GWL Boundaries and limitations

Discussion in 'General GWL Questions' started by Paczowski123, Dec 30, 2010.

  1. Paczowski123

    Paczowski123 New Member

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    My question regards the GWL and its limits. I now you can use your firearm for self defense, where else do your boundaries exist. Such as catching someone in the process of theft, defending someone else if you encounter them in need, etc?
     
  2. RedDawnTheMusical

    RedDawnTheMusical Well-Known Member

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    The GWL extends boundries for carry, not so much for usage. When you can use a gun (lethal force really) is to stop or prevent a forcible felony. That law is independent of carry a weapon under the GWL.
     

  3. Paczowski123

    Paczowski123 New Member

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    yes i did not mean lethal force necessarily, i simply meant as you put it prevention. If i stumbled upon someone breaking into my car, or someones car, house, etc, a person being harassed, if i pulled my weapon would i be in the wrong was mainly what my question was aiming at.
     
  4. GAGunOwner

    GAGunOwner Active Member

    IANAL. YMMV.

    Only point your gun at someone if you are in fear of your life (or the life of another person). Only pull the trigger if you are in fear of your life (or the life of another person) and you have absolutely no other choice.

    Again, YMMV. IANAL.
     
  5. CountryGun

    CountryGun New Member

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    To protect your car, you'd be wrong. Defense of another person is in need of more information. If I believed another person to be at risk for bodily harm or death, I would draw. I would not draw if someone were calling them names or threatening. See the difference?

    Click on the "Gun Laws" at the top of this page. Commit them to memory.
     
  6. RedDawnTheMusical

    RedDawnTheMusical Well-Known Member

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    +1 The forcible felony issue is key. Lethal force (or threatening the use thereof) should only be used when you are in reasonable fear for your life or, potentially the life of another. It may be tempting to handle situations like you described yourself, but you risk elevating a situation to potentially lethal consequences. For a stolen car, etc., it just isn't worth it and it is too easy for you to be viewed the bad guy instead of the legitimate bad guy. Even if someone stormed into your house, it isn't an automatic "ok" to start shooting. You need to access each and every situation that you encounter (as much as possible) before introducing a weapon.

    Technically, there is no brandishing law in GA, but if you haven't done everything you can to evade and/or diffuse a situation, then, legally, it can bring your actions into question (e.g. were you "looking for trouble") and you could make the situation worse (e.g. they produce a gun, start shooting, and some innocent bystander gets hurt).
     
  7. CountryGun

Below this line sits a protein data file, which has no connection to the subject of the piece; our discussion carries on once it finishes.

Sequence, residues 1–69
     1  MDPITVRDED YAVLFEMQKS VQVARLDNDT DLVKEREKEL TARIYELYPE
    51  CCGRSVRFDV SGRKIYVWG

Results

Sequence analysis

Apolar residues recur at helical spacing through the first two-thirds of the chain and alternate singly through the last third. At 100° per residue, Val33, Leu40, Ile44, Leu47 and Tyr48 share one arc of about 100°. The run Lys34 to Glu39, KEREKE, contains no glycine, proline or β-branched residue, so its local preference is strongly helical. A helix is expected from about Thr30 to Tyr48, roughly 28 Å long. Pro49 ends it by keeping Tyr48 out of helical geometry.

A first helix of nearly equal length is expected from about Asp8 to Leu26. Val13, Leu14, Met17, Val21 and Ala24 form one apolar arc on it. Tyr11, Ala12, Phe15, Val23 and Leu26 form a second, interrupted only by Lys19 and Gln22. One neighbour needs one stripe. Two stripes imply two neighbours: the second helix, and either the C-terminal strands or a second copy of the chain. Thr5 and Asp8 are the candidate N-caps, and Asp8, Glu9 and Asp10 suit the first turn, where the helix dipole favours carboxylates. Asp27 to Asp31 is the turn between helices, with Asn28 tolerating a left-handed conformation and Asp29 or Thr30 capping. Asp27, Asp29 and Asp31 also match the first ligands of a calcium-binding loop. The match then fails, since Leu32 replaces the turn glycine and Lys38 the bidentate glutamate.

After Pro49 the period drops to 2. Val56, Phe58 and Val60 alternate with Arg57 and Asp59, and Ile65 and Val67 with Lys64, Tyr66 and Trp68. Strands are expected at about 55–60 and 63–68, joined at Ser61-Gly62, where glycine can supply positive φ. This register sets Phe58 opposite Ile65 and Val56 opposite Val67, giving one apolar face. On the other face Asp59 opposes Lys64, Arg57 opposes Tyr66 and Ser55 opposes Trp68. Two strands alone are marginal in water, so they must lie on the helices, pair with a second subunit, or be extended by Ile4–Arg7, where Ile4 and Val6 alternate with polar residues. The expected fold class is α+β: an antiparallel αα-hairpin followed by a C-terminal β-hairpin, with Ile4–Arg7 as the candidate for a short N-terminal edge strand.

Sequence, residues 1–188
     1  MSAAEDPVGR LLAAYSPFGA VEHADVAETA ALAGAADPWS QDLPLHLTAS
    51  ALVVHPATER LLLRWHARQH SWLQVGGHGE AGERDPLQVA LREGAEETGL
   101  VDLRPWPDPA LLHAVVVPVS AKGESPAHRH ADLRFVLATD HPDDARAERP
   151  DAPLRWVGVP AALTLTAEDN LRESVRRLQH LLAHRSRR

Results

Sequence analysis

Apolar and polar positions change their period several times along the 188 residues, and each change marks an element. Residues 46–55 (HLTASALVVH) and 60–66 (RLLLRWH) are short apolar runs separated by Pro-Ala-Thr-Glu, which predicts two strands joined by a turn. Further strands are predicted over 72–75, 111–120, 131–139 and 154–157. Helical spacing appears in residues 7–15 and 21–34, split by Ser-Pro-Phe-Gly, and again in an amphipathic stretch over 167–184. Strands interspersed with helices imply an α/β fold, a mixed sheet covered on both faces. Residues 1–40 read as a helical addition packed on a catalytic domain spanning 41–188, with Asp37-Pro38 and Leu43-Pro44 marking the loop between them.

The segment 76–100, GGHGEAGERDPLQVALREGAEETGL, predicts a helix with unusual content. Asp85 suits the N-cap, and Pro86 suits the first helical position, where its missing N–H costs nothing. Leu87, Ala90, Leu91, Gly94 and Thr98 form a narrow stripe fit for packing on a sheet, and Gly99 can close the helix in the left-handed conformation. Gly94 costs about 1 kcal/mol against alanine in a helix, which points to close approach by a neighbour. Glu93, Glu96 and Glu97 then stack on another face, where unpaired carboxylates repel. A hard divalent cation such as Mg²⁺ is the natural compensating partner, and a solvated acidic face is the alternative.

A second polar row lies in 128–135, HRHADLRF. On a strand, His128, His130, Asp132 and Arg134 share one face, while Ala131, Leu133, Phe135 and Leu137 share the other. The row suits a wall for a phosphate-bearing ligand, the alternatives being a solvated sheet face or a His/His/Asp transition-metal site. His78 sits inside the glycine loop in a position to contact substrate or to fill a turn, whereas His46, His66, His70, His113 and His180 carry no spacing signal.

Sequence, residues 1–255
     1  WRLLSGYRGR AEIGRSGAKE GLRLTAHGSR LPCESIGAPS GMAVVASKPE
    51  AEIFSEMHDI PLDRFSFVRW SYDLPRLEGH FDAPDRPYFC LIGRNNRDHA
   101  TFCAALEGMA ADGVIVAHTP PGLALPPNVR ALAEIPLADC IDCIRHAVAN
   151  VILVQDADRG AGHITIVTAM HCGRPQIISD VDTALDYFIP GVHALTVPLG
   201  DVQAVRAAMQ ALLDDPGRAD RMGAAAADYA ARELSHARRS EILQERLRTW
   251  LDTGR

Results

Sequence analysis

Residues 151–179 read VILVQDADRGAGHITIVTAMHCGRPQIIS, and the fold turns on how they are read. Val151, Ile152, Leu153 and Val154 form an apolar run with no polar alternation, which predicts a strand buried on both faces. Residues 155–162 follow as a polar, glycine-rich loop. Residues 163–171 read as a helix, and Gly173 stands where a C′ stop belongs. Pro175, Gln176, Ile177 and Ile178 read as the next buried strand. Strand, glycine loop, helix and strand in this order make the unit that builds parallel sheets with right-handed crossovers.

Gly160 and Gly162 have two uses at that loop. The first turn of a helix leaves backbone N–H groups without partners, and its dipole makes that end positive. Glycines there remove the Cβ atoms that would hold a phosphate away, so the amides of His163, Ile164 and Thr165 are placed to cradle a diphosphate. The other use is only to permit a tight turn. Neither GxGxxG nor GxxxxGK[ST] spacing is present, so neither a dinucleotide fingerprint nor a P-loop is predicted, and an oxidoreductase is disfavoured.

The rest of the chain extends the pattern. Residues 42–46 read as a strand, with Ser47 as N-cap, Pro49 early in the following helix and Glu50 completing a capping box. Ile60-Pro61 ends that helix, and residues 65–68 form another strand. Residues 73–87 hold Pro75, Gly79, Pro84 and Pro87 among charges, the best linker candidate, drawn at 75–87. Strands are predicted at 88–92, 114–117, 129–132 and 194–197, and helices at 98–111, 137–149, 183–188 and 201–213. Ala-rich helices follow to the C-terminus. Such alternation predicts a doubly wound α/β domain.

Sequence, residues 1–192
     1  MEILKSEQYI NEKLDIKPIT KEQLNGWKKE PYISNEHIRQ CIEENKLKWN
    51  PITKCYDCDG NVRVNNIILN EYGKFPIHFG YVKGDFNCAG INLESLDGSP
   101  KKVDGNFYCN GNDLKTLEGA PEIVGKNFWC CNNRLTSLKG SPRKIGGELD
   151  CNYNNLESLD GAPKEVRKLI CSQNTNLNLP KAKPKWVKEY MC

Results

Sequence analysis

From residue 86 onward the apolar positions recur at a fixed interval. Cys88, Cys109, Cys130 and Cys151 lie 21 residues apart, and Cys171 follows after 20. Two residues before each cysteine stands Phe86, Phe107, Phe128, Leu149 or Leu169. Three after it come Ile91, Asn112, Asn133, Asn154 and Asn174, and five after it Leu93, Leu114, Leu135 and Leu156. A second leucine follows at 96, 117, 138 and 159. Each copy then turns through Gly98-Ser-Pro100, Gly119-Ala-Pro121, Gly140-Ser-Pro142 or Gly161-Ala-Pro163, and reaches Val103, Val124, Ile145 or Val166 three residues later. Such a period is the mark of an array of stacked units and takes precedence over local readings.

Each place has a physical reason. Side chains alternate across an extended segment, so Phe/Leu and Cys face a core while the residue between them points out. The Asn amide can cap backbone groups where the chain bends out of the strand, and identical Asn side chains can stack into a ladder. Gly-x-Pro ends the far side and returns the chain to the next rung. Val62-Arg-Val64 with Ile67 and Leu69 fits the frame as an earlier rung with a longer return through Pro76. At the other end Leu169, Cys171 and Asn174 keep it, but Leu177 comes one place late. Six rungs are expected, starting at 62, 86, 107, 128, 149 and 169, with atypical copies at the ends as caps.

CountryGun New Member

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    Sorry, but we do differ there, though I appreciate the support on the rest of the argument. If someone storms my house (invades), they're going to be DRT (dead right there). I do not have to prove anything other than they invaded my "castle". It makes no difference whether they are "armed" or not. If they have arms, they're dead! A man only needs hands, or for that matter a lethal kick to kill someone.
     
  8. RedDawnTheMusical

    RedDawnTheMusical Well-Known Member

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    Well "stormed" is probably a bad choice of words I used. I suspect that anyone that just storms into someone's home is risking a lot. I'm thinking more along the lines if someone simply entered, say if it was a "mentally challenged" person that came into your house thinking it was their's or those Kirby vacuum cleaner people that won't leave even after you let them in...
     
  9. CoffeeMate

    CoffeeMate Junior Butt Warmer

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    Some reading material for you...

    O.C.G.A. § 16-3-21: Use of force in defense of self or others; evidence of belief that force was necessary in murder or manslaughter prosecution
    O.C.G.A. § 16-3-23: Use of force in defense of habitation
    O.C.G.A. § 16-3-23.1: No duty to retreat prior to use of force in self-defense


    O.C.G.A. § 16-3-24: Use of force in defense of property other than a habitation
    O.C.G.A. § 16-3-24.1: Habitation and personal property defined


    O.C.G.A. § 16-3-24.2: Immunity from prosecution; exception
     
  10. harleymason

    harleymason New Member

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    Country Gun, you are absolutely right. If someone kicks in my door I am NOT going to wait around to see if they have a weapon or not. The very fact that they stormed my house gives me all the info I need about them. I have 4 little ones that I am responsible for their well being and safety. Someone invades my house it's game over irregardless of what their intentions are.
     
  11. Mrs_Esterhouse

    Mrs_Esterhouse Swollen Member

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    Sorry to be an ass, but you were doing too much work...
     
  12. Malum Prohibitum

    Malum Prohibitum Moderator Staff Member

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    I disagree. The license makes carry and possession legal in public, and is an element of the crime for certain locations. A failure to have the license could make carry and possession illegal and therefore lose you immunity from civil and criminal prosecution, which makes a huge difference should you need to use it.